Tips to live sustainably

reduce single-use plastic

The first step into living ocean friendly is to become more aware of personal consumption of single-use plastic. When can you say “NO” to plastic straws, plastic cups, lids, and plastic containers? These products are extremely poisonous for all marine species. When a marine species lower in the food chain, such as a small fish, ingests toxic plastics that toxicity is biomagnified throughout the food web until it reaches apex predators such as whales and sharks. 

Reduce your Carbon footprint

Green house gas emissions cause climate change and ocean acidification. By driving, flying, and choosing renewable energy whenever possible increases the potential of regaining and maintaining the health of the oceans and its marine life.

Choose sustainable seafood

Overfishing is a big problem throughout the world. Over the last 55 years, we have eliminated 90% of the oceans top predators like; sharks, bluefin tuna, marlin, swordfish, and king mackerel. When there is decline in number of apex predators  species lower in the food chain see rapid population growth disrupting the entire ecosystems function. Overpopulation can lead to  an unsustainable biome and depletion of resources. 

Know where your food comes from!

(Oceana facts)

TRunk Bay St. Johns U.s Virgin Islands

Trunk Bay, St. Johns U.S Virgin Islands was hit by Hurricane Michael. The following images show what happens when a natural disaster such as hurricane can do to entire bay of coral. 

causes of coral mortality

Coral Bleaching

Coral reefs are very sensitive to sudden changes in environment such as salinity, temperature and solar radiation. Coral bleaching is the main cause to coral mortality. Increase in ocean temperature exceeding the normal maximum temperature will drive a mass bleaching event. Ocean acidification is a decrease in the overall pH balance caused by the uptake of carbon dioxide released from natural and anthropogenic forces. Why does it matter? “25% of marine life depends on coral reefs for habitat. 500 million people depend on coral reefs for food, tourism, employment and even protection from extreme weather.” Bleached coral does not mean it is completely dead. With the return of colder waters coral can make a comeback. (Credit: Reef Resilience. Mass Bleaching.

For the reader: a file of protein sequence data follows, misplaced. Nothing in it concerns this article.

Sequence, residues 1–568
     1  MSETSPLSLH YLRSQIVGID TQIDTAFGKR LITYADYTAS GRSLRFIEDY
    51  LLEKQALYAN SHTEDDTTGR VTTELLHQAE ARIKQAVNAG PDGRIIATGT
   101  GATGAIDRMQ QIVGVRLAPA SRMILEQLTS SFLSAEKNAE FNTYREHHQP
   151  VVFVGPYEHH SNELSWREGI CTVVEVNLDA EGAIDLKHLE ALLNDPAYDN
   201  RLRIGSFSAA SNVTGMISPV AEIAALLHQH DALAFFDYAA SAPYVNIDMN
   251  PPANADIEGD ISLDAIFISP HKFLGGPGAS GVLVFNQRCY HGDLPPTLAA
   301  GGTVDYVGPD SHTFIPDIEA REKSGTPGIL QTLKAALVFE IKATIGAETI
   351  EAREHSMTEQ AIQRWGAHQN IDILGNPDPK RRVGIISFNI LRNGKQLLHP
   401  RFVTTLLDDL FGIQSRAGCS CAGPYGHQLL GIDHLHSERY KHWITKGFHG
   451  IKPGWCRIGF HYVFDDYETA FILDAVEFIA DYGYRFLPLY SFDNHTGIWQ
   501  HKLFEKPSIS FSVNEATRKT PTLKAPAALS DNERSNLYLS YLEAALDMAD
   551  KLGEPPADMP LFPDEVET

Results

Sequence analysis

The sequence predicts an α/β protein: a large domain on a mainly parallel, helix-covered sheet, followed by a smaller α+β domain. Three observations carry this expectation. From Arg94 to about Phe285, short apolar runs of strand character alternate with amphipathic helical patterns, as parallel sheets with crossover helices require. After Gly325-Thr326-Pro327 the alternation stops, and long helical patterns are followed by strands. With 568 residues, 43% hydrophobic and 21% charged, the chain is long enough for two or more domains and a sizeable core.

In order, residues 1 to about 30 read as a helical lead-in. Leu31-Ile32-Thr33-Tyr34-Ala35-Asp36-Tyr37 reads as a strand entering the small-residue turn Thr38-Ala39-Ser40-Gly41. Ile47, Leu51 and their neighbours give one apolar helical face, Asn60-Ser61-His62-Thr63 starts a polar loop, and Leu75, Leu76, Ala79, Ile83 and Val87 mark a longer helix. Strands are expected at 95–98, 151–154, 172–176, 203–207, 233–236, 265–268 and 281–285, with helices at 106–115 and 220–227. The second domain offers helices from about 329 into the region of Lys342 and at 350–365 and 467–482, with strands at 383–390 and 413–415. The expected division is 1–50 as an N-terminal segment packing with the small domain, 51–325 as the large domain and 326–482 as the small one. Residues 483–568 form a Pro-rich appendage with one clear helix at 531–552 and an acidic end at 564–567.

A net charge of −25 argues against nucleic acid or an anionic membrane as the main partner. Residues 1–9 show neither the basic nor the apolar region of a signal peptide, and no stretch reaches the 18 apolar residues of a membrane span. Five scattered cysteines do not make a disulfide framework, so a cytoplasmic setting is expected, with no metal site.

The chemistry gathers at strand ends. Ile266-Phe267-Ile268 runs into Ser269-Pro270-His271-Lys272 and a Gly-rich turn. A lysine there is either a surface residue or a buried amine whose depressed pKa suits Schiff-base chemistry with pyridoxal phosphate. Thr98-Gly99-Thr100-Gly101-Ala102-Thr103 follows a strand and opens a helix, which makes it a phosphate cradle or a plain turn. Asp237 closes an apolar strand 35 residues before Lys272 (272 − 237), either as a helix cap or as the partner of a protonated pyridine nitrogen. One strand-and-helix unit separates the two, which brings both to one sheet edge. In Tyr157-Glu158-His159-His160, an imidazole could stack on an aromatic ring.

Black Band Disease

Symptoms: A black band moving across the coral. Potential to kill entire colonies within months.

Causes: Black band disease is caused by a bacteria called Phormidium corallyticum

White Band Disease

Symptoms: Tissue peels off of stag horn and elk horn coral, leaving behind the exposed tissue of coral. 

Causes: Not yet known by scientists. 

(Credit: South Florida Aquatic Environments. Coral Diseases.


Black Band Disease
Withe Band Disease

Plastic Pollution

Plastic use and its subsequent breakdown is having a devastating impact on not only marine life but as it travels up the food chain human life and land animals such as sea birds and seals. Most of the fish humans consume on a daily basis is littered with tiny bits of micro plastics. Help the world and yourself by significantly reducing the use of single use plastics!

Many species of marine life are exposed to the opportunity of ingestion, entanglement, and suffocation due to incorrect marine plastic disposal. Sea birds, turtles, whales, and fish mistake plastic pieces and particles as prey. When ingested, the plastic does not break down, and their stomachs slowly fill with plastic debris. In this video, a Good Samaritan saves not one but FOUR Sea Turtles entangled in an improperly discarded fishing net. 

Check out our pages to see how YOU can prevent this!

A new world of trash

There is a garbage page in the middle of the Pacific that is twice the size of Texas. Every day that garbage patch continues to grow. Humans alone have generated 18.2 trillion pounds of trash since the 1950’s and that number is not slowing down. Most of the trash accumulating in our oceans is plastic and its break down into micro plastics. Plastic pollution is a disease to coral reefs and marine life.